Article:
Métis National Council loses bid to wrest temporary control of veterans program money from Manitoba Métis Federation

The Métis National Council’s bid to regain temporary control of millions of dollars of disputed assets held by a former ally sputtered Thursday before a Ontario Superior Court judge in Toronto.

The Métis National Council filed a multimillion-dollar lawsuit last year, accusing former leaders and the Manitoba Métis Federation of wide-ranging financial improprieties.

The two groups appeared virtually Thursday as the MNC sought joint custody, until trial, of $8.65 million in federal cash for a Métis veterans program, plus return of a history database, which it accuses its former administration of diverting to the federation to harm the council and benefit themselves.

Justice Robert Centa began the hearing by grilling MNC’s lawyer, Robert Cohen, of Toronto-based law firm Cassels.

“How is this in the interest of the Métis people? Is a single Métis person going to be better off if I grant you this interim relief?” Centa asked.

“Giving joint custody and control to two parties that can’t agree on anything sure feels like a recipe for disrupting the operation of that program and the operation of that website.”

Cohen tried to convince Centa that alleged conflicts of interest and non-arm’s-length dealing, which the MMF denies, justified it. 

Allowing the MMF to retain control of the assets “is rewarding a clear violation of their obligations,” said Cohen, but the judge was unconvinced. 

“You say clear violation. You might succeed at trial. You might not. You haven’t proven anything yet,” Centa replied, before adding, “You’re seeking extraordinary relief. This is execution before judgment in its clearest sense.”

Negotiations urged

Instead, Centa urged the lawyers to negotiate a solution that wouldn’t disrupt the website or program.

The lawyers eventually agreed, broadly, on an order requiring MMF to preserve the database in the original form transferred and produce more files so the MNC can satisfy itself nothing is amiss financially. The lawyers were working on drafting the final order at time of publishing.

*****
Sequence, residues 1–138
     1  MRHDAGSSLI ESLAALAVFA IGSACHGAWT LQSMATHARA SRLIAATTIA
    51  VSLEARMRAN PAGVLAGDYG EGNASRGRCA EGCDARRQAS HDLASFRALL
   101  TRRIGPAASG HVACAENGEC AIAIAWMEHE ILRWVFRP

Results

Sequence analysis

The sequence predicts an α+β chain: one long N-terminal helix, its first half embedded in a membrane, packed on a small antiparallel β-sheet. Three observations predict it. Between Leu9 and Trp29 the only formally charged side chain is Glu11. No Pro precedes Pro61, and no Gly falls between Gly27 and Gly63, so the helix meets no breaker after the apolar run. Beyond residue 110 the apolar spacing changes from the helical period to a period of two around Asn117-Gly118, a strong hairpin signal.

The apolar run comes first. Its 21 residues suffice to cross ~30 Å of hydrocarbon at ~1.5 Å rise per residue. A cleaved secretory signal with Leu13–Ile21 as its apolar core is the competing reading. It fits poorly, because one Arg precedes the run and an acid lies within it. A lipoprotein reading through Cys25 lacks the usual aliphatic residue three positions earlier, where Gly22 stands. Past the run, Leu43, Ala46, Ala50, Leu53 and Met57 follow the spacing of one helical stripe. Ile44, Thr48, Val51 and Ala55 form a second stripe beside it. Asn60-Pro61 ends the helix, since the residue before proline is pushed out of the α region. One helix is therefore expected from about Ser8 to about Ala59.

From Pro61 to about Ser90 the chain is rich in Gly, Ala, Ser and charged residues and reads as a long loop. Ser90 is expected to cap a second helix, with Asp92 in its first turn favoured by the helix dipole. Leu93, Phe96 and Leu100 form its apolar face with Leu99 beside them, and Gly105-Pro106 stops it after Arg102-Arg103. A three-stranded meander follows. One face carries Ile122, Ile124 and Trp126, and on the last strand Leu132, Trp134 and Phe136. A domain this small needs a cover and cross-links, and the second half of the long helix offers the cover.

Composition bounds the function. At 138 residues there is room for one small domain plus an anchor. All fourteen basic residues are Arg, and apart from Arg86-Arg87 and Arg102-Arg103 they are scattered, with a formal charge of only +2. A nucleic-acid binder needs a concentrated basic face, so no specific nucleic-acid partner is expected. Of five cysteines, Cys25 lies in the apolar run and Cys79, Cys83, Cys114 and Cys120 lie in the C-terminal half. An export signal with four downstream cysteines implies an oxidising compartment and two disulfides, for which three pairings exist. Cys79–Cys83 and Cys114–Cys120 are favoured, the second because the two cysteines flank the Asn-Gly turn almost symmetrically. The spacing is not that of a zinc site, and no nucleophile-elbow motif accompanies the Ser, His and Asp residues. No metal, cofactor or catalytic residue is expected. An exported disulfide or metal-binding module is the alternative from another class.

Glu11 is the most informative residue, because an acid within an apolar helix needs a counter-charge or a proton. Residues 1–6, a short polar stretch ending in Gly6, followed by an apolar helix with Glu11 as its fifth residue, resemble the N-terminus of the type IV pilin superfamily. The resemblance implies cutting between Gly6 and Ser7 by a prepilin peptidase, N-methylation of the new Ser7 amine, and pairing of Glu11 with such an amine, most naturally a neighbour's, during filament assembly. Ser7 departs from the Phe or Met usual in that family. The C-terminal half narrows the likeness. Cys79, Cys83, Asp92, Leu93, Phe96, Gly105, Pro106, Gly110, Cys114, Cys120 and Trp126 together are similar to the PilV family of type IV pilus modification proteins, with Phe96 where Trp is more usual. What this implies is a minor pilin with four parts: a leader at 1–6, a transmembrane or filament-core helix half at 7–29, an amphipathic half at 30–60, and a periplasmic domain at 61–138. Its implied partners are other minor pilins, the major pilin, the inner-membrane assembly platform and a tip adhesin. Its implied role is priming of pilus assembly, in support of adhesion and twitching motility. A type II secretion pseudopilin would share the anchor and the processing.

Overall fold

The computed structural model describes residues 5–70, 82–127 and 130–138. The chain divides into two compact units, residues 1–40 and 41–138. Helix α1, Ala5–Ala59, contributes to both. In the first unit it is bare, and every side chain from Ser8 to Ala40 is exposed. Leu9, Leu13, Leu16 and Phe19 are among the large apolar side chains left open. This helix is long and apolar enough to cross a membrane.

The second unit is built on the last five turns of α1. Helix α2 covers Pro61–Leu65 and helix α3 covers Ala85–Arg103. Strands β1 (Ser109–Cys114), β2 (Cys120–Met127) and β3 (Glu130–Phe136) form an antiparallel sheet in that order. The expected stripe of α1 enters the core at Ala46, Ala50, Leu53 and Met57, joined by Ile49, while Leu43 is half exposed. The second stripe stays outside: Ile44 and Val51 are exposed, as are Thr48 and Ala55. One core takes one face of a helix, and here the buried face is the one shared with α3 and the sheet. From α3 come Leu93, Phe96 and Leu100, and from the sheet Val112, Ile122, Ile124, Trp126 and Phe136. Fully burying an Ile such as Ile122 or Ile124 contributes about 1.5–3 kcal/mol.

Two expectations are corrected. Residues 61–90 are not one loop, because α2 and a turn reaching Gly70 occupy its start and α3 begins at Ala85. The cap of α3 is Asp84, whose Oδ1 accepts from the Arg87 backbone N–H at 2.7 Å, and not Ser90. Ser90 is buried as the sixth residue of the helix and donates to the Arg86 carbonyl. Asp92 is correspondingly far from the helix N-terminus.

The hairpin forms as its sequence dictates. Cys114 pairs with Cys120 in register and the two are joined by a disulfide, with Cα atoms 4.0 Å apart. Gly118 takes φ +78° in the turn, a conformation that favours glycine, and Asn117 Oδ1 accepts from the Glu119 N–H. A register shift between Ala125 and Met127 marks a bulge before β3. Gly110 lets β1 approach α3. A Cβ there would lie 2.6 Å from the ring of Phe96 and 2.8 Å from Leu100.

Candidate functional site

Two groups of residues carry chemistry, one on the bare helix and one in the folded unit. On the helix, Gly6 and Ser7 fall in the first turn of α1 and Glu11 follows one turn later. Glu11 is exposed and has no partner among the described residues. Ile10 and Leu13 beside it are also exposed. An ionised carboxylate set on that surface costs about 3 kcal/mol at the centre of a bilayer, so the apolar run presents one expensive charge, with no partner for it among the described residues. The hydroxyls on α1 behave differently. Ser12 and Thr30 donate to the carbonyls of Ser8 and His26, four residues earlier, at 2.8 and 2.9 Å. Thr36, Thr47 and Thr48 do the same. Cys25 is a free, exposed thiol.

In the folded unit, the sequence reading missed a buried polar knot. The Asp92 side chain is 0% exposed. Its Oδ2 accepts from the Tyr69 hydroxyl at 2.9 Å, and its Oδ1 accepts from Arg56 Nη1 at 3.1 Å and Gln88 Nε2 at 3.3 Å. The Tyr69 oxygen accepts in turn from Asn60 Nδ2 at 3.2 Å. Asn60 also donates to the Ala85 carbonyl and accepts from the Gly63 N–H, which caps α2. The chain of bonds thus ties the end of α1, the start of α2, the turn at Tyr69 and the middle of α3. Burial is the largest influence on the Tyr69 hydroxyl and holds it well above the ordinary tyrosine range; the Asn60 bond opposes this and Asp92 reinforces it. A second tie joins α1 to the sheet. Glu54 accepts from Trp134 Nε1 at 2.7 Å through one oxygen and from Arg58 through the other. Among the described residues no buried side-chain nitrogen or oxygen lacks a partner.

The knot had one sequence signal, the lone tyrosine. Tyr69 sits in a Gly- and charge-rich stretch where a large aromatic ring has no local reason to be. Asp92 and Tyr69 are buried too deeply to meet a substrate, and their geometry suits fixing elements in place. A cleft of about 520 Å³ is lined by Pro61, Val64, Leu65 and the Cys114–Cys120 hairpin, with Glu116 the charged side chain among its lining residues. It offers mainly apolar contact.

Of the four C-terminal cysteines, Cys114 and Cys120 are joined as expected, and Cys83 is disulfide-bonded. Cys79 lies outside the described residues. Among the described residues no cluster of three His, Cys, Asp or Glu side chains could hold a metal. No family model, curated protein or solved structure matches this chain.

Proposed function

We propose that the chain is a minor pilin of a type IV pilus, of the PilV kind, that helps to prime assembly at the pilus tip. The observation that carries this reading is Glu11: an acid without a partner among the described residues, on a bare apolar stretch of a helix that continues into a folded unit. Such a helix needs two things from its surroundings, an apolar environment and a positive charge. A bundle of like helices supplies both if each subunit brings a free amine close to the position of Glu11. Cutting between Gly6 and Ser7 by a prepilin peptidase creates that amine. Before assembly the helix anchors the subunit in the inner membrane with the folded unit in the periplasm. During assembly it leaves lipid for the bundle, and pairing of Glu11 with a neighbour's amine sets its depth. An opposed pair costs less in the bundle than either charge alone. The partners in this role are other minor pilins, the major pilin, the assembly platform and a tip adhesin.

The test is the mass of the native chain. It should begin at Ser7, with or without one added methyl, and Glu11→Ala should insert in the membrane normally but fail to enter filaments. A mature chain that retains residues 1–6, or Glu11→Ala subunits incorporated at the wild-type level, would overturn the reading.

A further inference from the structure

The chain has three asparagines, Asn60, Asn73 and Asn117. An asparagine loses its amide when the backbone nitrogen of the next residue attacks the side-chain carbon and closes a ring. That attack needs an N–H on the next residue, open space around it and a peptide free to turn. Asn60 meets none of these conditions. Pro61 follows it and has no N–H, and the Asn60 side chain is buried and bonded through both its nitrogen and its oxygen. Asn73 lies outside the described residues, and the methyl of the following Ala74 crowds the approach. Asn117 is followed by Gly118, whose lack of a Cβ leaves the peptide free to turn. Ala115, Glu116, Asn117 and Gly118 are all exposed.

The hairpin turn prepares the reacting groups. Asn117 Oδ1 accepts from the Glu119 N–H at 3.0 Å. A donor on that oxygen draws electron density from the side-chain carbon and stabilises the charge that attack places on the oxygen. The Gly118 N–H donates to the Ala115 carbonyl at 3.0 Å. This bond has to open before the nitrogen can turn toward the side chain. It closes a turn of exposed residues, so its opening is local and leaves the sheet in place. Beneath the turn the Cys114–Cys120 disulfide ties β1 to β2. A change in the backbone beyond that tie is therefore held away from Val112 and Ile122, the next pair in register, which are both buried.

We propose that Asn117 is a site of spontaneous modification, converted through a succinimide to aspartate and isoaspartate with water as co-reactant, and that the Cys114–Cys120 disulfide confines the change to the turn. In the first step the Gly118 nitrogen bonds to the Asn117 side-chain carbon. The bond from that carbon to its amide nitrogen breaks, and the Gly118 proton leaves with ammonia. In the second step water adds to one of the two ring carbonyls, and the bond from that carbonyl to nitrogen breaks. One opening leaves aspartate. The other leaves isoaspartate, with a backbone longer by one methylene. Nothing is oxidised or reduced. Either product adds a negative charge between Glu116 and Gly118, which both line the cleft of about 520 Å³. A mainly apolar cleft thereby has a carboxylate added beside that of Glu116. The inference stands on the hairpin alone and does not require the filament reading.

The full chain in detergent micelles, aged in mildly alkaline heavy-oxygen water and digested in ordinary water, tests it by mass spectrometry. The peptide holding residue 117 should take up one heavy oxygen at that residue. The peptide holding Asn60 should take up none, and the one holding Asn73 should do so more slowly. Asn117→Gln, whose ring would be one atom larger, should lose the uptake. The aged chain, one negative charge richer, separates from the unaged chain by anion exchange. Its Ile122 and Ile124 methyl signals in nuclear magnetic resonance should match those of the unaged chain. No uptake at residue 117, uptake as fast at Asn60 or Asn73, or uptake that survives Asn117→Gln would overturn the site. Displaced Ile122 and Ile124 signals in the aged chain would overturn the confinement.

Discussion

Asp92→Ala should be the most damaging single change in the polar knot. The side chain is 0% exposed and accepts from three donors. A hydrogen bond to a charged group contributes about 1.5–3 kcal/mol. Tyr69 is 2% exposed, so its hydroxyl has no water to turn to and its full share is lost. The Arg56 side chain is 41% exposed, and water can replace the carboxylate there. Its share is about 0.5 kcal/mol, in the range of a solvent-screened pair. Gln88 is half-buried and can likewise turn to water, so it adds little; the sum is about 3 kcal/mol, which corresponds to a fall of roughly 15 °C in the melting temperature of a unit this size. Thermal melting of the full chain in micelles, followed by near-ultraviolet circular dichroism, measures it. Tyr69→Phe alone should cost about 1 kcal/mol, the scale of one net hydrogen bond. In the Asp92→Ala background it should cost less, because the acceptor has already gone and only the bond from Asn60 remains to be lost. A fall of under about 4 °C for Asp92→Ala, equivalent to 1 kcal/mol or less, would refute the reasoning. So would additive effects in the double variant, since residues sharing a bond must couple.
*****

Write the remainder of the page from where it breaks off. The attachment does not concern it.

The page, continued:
MMF’s lawyer Rahool Agarwal said they wanted to ensure the order was worded carefully.

“We have nothing to hide but do we want to hand over every scrap of paper for all period of time? That’s incredibly onerous, but we will respond to any request,” Agarwal said.

That means the bulk of the motion was dismissed and MMF President David Chartrand considered it a victory in round one.

“Mr. Cohen was vigorously put in his place by the judge,” Chartrand said by phone.

A politician with a miniature Métis flag on his desk beside him.
MMF President David Chartrand called the Métis National Council’s arguments ‘a political assassination attempt.’ (Sean Kilpatrick/The Canadian Press)

Chartrand said the MMF spent seven months preparing for the motion, so he was surprised it was handled so swiftly that the federation’s lawyer didn’t even have to make formal arguments. MMF sought $213,000 in costs, Chartrand said, but the judge declined to settle that issue.

Chartrand said he is now equally confident about his prospect of success at trial, describing the MNC’s arguments as “a political assassination attempt” riddled with inaccuracies.

While not getting joint custody of the veterans money, its chief target, MNC said via statement it is satisfied with the order.

“MNC was not expecting to prove its case today,” said the statement, attributed to legal counsel.

“We are pleased to obtain this interim relief, and we will push on to trial as soon as we can.”

No trial date set

Chartrand’s MMF cut ties with the MNC in 2021 following years of internal squabbling over the integrity of the Métis Nation of Ontario’s citizenship registry.

Before the secession, Chartrand was also MNC vice-president and minister of finance, while Clem Chartier, now an ambassador with the MMF, was MNC president. 

The MNC sued Chartrand, Chartier, the MMF and a host of others in January 2022, accusing them of conspiring in a “scorched earth policy scheme” to gut the council and give MMF a political edge. Chartrand defended against the allegations, calling them a legally baseless, vendetta-driven fishing expedition.

Thursday’s virtual hearing offered both sides a chance to test their case. They filed more than 1,600 pages of evidence combined.

In 2019, the federal government provided the national council with $30 million to run a program for $20,000 individual recognition payments to Métis Second World War veterans or their family members, or commemorative initiatives in their honour. Between 2020 and 2021, $8.65 million was transferred to the MMF.

MNC said in its filings it believed veterans money was “misused,” violating the federal contribution agreement.

The group’s external accountant, Benoit Groulx of Baker Tilly in Ottawa, swore an affidavit saying he believed there were questions raised by the MMF’s books. 

Groulx produced MMF financial files showing it gave contracts to affiliated parties, including a foundation chaired by Chartier, and employed Chartrand’s wife while managing the program.

The MMF said no money was misused. Chartrand said the contracts were awarded fairly by an arm’s-length program commission, and that his wife’s hiring was handled transparently.

Given the competing versions of events, Centa said these are precisely the issues trial should decide.

No date for trial has been set.